Immigrants from Southern and Eastern Europe
In the 1880s and early 1890s, as Irish and German immigration began to slow, Italians, Poles, Slovaks and other immigrants from southern and eastern European countries began to arrive in the United States in greater numbers. This immigration would not peak until the first few decades of the twentieth century, but already by 1900, there were almost a half million Italians and 400,000 Poles in America.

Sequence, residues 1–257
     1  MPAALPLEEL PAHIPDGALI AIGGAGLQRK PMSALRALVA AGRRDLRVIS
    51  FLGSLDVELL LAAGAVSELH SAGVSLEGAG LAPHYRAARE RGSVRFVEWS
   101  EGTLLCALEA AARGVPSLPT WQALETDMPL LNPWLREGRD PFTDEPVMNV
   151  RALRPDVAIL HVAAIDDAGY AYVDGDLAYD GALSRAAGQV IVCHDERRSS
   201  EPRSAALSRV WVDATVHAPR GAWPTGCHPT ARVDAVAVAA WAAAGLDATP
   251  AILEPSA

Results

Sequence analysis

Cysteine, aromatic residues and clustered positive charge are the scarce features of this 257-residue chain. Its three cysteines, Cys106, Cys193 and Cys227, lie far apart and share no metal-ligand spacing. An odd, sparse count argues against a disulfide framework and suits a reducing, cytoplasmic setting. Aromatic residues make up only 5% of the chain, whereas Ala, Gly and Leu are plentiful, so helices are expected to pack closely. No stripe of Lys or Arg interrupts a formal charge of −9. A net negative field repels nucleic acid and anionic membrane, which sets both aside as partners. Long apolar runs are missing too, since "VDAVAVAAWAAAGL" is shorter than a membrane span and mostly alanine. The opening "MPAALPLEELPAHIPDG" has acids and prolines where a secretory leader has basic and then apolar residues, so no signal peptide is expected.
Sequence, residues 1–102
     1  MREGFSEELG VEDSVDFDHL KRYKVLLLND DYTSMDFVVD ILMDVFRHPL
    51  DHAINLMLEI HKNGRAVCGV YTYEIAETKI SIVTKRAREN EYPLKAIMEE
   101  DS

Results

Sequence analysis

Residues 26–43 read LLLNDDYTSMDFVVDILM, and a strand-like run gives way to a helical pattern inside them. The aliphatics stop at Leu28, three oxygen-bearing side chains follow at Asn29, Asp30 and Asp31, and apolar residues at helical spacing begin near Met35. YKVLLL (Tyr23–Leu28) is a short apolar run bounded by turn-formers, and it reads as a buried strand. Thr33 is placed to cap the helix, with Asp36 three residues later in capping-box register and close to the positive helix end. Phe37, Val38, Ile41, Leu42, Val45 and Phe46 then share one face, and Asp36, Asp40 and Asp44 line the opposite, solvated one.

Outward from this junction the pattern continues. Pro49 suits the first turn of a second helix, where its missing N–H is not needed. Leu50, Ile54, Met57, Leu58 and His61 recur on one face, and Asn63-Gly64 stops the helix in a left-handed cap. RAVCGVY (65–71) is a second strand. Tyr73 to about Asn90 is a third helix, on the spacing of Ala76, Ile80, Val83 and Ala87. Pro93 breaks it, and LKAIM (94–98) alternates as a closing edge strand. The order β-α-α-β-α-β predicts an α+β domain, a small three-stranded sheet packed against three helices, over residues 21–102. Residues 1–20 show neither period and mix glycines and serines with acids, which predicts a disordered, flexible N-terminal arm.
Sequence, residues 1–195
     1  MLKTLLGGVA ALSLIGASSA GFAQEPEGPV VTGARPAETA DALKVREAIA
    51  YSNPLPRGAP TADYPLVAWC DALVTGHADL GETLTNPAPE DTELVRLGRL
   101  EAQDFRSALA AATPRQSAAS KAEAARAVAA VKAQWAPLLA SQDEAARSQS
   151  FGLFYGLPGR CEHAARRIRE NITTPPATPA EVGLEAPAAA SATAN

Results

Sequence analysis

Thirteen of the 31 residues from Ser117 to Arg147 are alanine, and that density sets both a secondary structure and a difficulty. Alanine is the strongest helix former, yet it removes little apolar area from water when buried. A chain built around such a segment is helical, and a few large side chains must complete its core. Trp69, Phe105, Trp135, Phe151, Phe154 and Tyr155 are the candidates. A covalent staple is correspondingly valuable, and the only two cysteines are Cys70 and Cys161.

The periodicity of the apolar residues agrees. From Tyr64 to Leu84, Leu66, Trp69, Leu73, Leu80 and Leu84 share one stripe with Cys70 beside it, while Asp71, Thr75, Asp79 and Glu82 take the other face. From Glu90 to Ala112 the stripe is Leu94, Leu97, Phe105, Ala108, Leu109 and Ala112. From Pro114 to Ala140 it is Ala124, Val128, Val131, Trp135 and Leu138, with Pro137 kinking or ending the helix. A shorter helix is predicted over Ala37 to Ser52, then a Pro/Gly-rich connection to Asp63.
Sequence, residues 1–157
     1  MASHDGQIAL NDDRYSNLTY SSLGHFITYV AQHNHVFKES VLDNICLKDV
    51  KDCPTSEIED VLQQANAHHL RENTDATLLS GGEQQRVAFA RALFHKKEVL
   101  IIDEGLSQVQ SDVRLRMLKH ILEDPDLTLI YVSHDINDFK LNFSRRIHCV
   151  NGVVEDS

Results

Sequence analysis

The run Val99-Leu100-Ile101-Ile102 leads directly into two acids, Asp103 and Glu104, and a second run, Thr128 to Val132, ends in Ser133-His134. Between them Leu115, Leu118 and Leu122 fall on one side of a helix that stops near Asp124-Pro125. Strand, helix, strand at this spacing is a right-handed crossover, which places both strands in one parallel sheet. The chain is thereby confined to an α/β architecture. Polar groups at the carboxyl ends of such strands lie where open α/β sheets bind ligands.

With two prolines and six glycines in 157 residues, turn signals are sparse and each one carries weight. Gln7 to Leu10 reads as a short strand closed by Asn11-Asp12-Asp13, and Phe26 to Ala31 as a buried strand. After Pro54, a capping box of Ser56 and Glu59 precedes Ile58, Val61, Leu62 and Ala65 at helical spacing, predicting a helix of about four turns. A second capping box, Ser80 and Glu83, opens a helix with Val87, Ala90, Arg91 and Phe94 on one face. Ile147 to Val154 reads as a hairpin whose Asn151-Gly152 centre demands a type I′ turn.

Religious traditions and customs varied widely among these immigrant groups. Many immigrants from southern Italy had resented the Catholic clergy at home whom they suspected of being in league with oppressive landowners and brought their suspicions of the institutional church to America. Nevertheless, they developed a rich religious life of local societies, community feast day celebrations and family and personal devotions in tight knit urban neighborhoods like the North End of Boston, Italian Harlem in New York, south Philadelphia and parts of New Orleans. In Poland, on the other hand, Catholicism and nationalism had been merged in the fire of persecution from non-Catholic Russian or Prussian conquerors. Polish immigrants supported huge parish complexes of churches, schools, sodalities, associations and clubs, such as St. Stanislaus Kostka in Chicago and Sacred Heart in New Britain, Connecticut. They too had a fierce devotion to saints like Stanislaus, and to Our Lady of Czestochowa.